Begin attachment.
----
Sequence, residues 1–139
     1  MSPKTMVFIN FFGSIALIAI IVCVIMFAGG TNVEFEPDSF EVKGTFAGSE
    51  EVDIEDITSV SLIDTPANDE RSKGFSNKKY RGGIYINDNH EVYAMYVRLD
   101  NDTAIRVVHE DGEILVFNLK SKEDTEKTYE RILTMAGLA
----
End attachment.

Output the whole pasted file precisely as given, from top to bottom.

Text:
Sequence, residues 1–139
     1  MSPKTMVFIN FFGSIALIAI IVCVIMFAGG TNVEFEPDSF EVKGTFAGSE
    51  EVDIEDITSV SLIDTPANDE RSKGFSNKKY RGGIYINDNH EVYAMYVRLD
   101  NDTAIRVVHE DGEILVFNLK SKEDTEKTYE RILTMAGLA